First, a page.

The 20 Most Satisfying Happy Movie Endings Ever
Deep down in the far reaches of our very human essence, we all pray for a happy ending. Well, that’s probably a slight over-exaggeration, but we all love a happy ending, don’t we? Sure, leaving the movie theater feeling drained and shocked has its good points, too, but there’s no feeling quite matched by that of catching a flick that makes you feel all warm and gooey inside. Here are the 20 most satisfying movie happy endings ever.
20. Up (2009)
The Ending: Kevin and Dug are saved, Russell and Carl’s friendship is secured, and their adventure draws to a close,
Moreover, we learn that the balloon-powered flying house has finally alighted on the very Paradise Falls cliffs that Carl and his deceased wife Ellie had so wanted to visit during their life together.
Goosebump Moment: It’s a heartwarming finish to an unusually (for an animated film) emotionally deep story, and the fact that Carl has jettisoned his sentimental old possessions to help Russell is touching – as is the fact that he presents the boy with his Wilderness Explorer badge when Russell’s father can’t make the ceremony.
Mind you, nothing quite compares to the much earlier montage of Carl and Ellie’s relationship. Jesus, it’s brutal.
If They’d Gone Bleak: We’d have just had like 90 minutes of of that Carl and Ellie bit, piped mercilessly into our reddened eyes and shattered hearts until we’d bawled all the fluid out of our shriveled, wheezing husks of bodies.
And then they’d play it again.
19. Napoleon Dynamite (2004)
The Ending: A whole bunch of loose ends left over from the film’s various ragged plot lines are tied up in particularly pleasing ways.
Kip and LaFawnduh board a bus for a new life together; a humbled Uncle Rico gets a second chance with his girlfriend; Pedro celebrates the class presidency with friends and family; grandma and Tina the llama are reunited; and Napoleon moves closer to Deb over a gloriously ham-fisted game of tether ball.
Goosebump Moment: It’s more a series of little goosebumpy aftershocks than a build-up to one big moment, but it’s no less effective. Director Jared Hess’s use of The Promise by When In Rome as we leave Napoleon and Deb playing is inspired.
Arguably even more effective, though, is a tune you sadly won’t find on the official soundtrack album – a Patrick Street reworking of Penguin Cafe Orchestra’s Music For A Found Harmonium that underpins the uplifting montage sequence.
If They’d Gone Bleak: To be honest, everything could have ended with precisely the opposite mood and outcome for each character, and the film might easily have worked just as well.
We’d simply assume that everyone shuffled back to their tragi-comic little lives in the middle of nowhere, and we’d probably have seen a sequel wrung out of it. Now that would be bleak.
18. The Truman Show (1998)
The Ending: Having stumbled upon the possible truth about his chocolate box life, unwitting reality TV star Truman makes a break for it in a small sailboat to see just what’s really out there.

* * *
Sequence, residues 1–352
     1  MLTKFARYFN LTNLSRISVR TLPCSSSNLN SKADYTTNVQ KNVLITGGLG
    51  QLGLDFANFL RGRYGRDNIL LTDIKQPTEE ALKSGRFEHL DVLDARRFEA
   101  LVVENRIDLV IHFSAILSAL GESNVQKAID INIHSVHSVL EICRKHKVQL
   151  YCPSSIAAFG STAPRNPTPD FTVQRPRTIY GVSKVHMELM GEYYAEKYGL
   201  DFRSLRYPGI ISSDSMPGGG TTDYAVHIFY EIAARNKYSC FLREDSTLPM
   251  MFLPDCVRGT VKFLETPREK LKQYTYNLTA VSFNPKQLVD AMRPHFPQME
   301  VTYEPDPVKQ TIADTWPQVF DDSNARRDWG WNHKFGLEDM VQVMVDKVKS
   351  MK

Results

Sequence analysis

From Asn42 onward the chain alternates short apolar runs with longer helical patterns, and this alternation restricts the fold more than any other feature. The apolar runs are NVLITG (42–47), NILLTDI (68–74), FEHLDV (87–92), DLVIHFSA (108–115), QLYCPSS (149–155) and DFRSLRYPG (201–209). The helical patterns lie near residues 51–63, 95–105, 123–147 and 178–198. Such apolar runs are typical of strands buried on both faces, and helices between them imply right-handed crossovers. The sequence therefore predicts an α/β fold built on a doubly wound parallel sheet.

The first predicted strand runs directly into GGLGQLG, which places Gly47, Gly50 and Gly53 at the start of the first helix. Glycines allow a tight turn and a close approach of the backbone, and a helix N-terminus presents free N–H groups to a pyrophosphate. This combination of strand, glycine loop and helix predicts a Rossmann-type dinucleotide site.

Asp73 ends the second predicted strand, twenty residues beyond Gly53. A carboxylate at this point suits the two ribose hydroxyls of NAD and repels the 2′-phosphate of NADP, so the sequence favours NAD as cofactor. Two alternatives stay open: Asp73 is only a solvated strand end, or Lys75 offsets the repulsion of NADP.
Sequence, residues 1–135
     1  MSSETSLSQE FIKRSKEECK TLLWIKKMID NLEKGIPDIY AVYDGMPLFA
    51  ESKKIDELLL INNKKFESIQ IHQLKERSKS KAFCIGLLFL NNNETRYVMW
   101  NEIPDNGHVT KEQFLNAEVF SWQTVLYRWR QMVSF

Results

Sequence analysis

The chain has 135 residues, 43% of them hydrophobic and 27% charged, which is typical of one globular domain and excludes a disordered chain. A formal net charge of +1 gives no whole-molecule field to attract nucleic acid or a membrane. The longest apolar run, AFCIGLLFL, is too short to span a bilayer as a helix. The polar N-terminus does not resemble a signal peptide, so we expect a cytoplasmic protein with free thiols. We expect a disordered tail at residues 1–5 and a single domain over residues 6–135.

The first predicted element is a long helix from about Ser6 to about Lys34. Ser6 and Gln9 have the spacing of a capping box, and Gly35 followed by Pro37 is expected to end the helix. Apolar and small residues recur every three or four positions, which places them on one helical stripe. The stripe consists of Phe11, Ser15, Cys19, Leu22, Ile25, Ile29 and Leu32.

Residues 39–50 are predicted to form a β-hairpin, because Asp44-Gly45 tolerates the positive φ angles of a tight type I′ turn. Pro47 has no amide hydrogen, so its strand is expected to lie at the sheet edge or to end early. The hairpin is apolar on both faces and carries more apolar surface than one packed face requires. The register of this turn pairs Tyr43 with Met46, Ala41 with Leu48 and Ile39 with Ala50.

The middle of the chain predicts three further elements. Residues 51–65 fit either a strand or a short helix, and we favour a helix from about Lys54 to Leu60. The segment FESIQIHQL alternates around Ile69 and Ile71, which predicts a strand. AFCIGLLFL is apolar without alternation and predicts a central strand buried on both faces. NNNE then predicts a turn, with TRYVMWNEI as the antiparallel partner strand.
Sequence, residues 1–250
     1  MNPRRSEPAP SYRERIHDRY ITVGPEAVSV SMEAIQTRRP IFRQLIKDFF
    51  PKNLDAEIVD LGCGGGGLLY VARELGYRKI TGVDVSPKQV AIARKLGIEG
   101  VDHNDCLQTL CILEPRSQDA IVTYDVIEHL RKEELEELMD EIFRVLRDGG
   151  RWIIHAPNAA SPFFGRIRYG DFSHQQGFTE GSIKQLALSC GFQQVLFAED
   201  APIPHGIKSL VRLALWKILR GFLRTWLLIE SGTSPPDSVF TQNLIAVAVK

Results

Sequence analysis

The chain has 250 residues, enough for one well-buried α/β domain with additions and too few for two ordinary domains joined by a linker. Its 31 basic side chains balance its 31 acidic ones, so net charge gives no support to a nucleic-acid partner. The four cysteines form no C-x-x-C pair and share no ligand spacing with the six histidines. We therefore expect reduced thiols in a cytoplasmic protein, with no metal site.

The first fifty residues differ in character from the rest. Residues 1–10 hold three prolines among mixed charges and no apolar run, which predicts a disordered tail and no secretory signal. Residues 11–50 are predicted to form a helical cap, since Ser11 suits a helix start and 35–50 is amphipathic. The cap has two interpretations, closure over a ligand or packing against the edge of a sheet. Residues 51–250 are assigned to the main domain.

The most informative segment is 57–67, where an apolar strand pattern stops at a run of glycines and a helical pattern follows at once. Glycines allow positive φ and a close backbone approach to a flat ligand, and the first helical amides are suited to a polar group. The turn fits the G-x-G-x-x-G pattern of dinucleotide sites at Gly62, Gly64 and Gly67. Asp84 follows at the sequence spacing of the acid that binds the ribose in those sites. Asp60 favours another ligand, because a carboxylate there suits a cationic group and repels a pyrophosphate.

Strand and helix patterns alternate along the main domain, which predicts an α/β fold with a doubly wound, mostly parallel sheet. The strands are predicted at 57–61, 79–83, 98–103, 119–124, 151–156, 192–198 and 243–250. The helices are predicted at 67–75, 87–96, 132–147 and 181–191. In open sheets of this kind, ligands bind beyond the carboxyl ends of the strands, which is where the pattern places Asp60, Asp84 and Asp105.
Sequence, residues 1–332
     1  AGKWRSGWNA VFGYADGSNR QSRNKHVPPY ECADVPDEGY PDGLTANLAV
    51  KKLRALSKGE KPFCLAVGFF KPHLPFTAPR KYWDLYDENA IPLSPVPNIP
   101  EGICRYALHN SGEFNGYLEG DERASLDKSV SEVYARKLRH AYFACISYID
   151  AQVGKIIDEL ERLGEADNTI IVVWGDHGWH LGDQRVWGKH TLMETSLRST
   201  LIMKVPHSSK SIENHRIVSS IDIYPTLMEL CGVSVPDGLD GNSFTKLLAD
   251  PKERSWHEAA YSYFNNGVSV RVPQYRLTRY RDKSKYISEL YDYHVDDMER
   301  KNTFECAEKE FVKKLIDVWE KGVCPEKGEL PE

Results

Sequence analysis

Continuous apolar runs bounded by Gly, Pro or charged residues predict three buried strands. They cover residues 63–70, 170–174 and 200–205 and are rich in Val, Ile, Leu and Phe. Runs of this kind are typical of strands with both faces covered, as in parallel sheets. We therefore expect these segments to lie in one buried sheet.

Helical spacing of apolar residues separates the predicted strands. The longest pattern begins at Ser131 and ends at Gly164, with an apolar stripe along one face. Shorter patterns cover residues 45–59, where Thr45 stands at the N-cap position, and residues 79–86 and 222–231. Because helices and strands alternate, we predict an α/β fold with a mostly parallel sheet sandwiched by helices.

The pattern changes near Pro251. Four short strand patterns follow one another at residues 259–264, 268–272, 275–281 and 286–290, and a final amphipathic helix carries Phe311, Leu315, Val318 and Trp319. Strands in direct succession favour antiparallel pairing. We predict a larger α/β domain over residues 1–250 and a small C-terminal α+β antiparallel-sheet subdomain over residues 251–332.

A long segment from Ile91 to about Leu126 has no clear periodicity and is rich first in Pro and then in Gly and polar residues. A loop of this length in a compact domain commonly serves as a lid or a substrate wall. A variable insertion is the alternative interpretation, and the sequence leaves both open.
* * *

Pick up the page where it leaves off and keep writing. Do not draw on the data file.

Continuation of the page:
Only when the bow of his boat literally crunches through the painted MDF of the ‘horizon’ does the full extent of his situation become horribly, abundantly clear.
Goosebump Moment: Seeing a man as psychologically tortured as Truman feels in this moment pounding on and collapsing against the literal boundaries of his existence is pretty moving.
But not as moving as the moment in which he turns, delivers his trademark “good afternoon, good evening and good night”, and slips through the set door into the real world – sending a TV audience of millions into justifiably tearful raptures.
If They’d Gone Bleak: Realising he can’t face the terrors of the unknown society beyond the physical borders of his fabricated hometown, Truman returns dejectedly to a life he no longer cares about or understands.
He spirals into a black depression, making the next 40 years of The Truman Show one of the bleakest TV experiences imaginable. Everyone still watches it, and a whole nation sinks into a Prozac-guzzling funk as a result.
17. North By Northwest (1959)
The Ending: Roger Thornhill (Carey Grant) manages to evade his pursuers on the Mount Rushmore monument, saving Eve (Eve Kendall) from an untimely plummet to her doom and foiling the microfilm spy plot he unwittingly wandered into.
As he pulls her to safety, we seamlessly segue into a shot of Thornhill pulling Eve up on to a train cabin bunk, and calling her “Mrs Thornhill” – cheesy, but effective.
Goosebump Moment: It’s the head-spinning directorial efficiency of this whole ending sequence that really thrills: the microfilm is retrieved, the bad guy captured, his goons eliminated, the leading man and his beau saved, and the lovers married – all in a breathless 43 seconds of film.
If They’d Gone Bleak: Eve would have lost her grip and fallen to her death from Thomas Jefferson’s colossal stone hooter like a tragic, screaming bogey. Thornhill, overcome with remorse, flings himself after her.
The spies escape with the microfilm, and the shady government agencies use Thornhill’s already soiled name to account for the various deaths that their botched scheming has caused.